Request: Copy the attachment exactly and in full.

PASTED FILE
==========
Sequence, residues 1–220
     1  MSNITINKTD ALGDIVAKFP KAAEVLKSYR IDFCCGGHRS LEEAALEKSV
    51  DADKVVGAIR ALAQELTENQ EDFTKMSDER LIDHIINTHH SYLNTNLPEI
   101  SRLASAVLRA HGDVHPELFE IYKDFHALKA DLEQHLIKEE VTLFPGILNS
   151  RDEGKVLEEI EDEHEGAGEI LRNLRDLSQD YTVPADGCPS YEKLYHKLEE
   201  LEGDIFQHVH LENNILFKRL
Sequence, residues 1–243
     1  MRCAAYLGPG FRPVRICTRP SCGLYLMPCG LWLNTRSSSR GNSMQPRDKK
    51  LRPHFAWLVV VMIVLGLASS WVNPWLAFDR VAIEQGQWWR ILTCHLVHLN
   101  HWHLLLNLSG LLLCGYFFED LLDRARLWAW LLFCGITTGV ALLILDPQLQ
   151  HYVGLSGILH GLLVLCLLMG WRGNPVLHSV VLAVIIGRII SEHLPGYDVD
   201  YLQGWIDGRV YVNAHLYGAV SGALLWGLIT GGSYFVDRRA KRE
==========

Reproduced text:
Sequence, residues 1–220
     1  MSNITINKTD ALGDIVAKFP KAAEVLKSYR IDFCCGGHRS LEEAALEKSV
    51  DADKVVGAIR ALAQELTENQ EDFTKMSDER LIDHIINTHH SYLNTNLPEI
   101  SRLASAVLRA HGDVHPELFE IYKDFHALKA DLEQHLIKEE VTLFPGILNS
   151  RDEGKVLEEI EDEHEGAGEI LRNLRDLSQD YTVPADGCPS YEKLYHKLEE
   201  LEGDIFQHVH LENNILFKRL
Sequence, residues 1–243
     1  MRCAAYLGPG FRPVRICTRP SCGLYLMPCG LWLNTRSSSR GNSMQPRDKK
    51  LRPHFAWLVV VMIVLGLASS WVNPWLAFDR VAIEQGQWWR ILTCHLVHLN
   101  HWHLLLNLSG LLLCGYFFED LLDRARLWAW LLFCGITTGV ALLILDPQLQ
   151  HYVGLSGILH GLLVLCLLMG WRGNPVLHSV VLAVIIGRII SEHLPGYDVD
   201  YLQGWIDGRV YVNAHLYGAV SGALLWGLIT GGSYFVDRRA KRE